437. PrintPal 10.0%
438. Proactiv Solution 6.8%
439. ProFlowers 4.0%
440. Puritan's Pride 4.8%
441. QBOutlet.com 4.8%
442. Quicken Loans Special Rate
443. QVC 1.6%
444. Radisson Hotels & Resorts 2.0%
445. Rail Europe 2.0%
446. Rampage.com 4.8%
447. Reading Glasses 4.8%
448. RedEnvelope 3.2%
449. Regent International Hotels 2.0%
450. Register.com 10.0%
451. registry@macy's 1.6%
452. REI 2.0%
453. REI - Outlet 2.0%
454. Restoration Hardware 2.4%
455. Revival Soy 8.0%
456. Ritz Camera 1.6%
457. Road Runner Sports 3.2%
458. Roaman's 2.0%
459. Rochester Big & Tall 4.0%
460. Room for Kids 2.8%
461. ROOTS Direct 2.0%
462. Ross-Simons 2.4%
463. S&S Worldwide 4.0%
464. Safeway.com Special Rate
465. Sahalie 2.4%
466. SBC Communications Special Rate
467. Scholastic Store 2.0%
468. Scholastic Teacher Store 2.0%
469. SeaBear Smokehouse 3.2%
470. Sears Clothing 1.6%
471. Sears Jewelry 2.8%
472. Sears.com 1.2%
473. Sephora 2.0%
474. Seventh Avenue 2.8%
475. Sharper Image 4.0%
476. Sheplers WesternWear 2.0%
477. ShindigZ by Stumps 5.2%
478. Shoebuy.com 6.8%
479. Shoedini 5.2%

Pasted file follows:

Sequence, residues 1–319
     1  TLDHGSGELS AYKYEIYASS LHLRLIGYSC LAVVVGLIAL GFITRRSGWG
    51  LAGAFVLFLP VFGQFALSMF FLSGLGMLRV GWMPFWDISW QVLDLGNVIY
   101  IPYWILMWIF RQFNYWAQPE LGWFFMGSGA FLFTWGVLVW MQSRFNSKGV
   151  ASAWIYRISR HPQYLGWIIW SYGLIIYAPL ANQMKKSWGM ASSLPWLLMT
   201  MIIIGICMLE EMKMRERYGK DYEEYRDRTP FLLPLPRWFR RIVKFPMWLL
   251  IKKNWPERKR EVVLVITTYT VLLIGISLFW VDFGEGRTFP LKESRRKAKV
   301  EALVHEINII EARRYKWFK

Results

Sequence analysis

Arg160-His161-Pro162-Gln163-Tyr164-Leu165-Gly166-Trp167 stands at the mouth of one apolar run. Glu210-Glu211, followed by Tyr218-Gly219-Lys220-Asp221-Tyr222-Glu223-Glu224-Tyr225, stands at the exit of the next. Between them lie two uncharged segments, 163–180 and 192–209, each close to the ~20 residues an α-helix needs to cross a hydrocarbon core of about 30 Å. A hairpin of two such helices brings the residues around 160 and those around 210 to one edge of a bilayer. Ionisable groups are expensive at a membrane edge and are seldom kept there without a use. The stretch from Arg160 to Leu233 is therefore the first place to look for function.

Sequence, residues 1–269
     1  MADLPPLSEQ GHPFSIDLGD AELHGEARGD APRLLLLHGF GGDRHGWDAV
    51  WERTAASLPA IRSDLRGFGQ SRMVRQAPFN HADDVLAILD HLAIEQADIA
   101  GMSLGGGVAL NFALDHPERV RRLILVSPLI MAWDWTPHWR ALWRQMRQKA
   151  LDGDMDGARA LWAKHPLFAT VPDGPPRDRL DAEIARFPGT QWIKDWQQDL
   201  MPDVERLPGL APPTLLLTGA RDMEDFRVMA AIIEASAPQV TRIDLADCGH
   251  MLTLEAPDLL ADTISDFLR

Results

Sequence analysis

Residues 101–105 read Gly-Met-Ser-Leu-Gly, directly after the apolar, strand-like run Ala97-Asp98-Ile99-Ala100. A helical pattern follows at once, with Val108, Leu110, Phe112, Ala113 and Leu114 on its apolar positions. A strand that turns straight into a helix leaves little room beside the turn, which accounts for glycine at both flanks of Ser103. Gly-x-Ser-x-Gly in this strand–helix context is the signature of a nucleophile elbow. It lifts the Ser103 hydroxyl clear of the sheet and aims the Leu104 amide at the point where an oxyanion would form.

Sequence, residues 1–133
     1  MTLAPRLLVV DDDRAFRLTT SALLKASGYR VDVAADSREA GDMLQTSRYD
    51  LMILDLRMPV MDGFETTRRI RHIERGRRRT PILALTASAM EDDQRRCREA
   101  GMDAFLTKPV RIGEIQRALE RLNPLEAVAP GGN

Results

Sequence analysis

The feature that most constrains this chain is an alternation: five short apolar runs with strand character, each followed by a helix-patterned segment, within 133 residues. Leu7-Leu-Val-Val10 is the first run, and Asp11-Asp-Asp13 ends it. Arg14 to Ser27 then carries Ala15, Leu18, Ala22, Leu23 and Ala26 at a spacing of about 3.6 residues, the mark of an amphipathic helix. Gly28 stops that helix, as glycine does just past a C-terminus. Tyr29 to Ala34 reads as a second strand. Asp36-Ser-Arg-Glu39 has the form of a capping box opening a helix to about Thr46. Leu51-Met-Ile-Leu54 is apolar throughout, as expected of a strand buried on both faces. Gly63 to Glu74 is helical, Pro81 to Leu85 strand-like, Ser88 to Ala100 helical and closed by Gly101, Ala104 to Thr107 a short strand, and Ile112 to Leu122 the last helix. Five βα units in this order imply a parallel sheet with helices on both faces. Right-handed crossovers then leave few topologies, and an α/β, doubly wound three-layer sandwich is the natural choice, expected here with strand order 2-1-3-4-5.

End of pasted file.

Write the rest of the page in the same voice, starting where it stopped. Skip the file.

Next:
480. ShoeMall 6.0%
481. SHOP.COM 2.0%
482. ShopatHomeTV 2.0%
483. ShopNBC 2.0%
484. ShowPlace 2.8%
485. Shutterfly 4.0%
486. Sierra Club 4.0%
487. Silhouettes 2.4%
488. Simply Whispers 6.0%
489. Site59.com 1.2%
490. SitStay.com 4.0%
491. SmartBargains 4.0%
492. Smarthome 3.2%
493. Smith+Noble 3.2%
494. Smithsonian Store 3.6%
495. Snapfish Special Rate
496. Soccer.com 2.0%
497. Socrates.com 12.0%
498. Soft Surroundings 2.0%
499. Solutions Catalog 2.4%
500. Songs4Worship 4.0%
501. SONY 1.2%
502. Sony Card Visa Special Rate
503. SpaFinder 3.2%
504. SpaWish 2.4%
505. Spiegel 2.4%
506. Spiegel Clearance 2.4%
507. Spilsbury 4.0%
508. SpinLife 2.0%
509. Spiritual Cinema Circle Special Rate
510. Sport Chalet 2.0%
511. Sportmart 2.0%
512. Sports Authority 2.0%
513. Sportsman's Guide 3.2%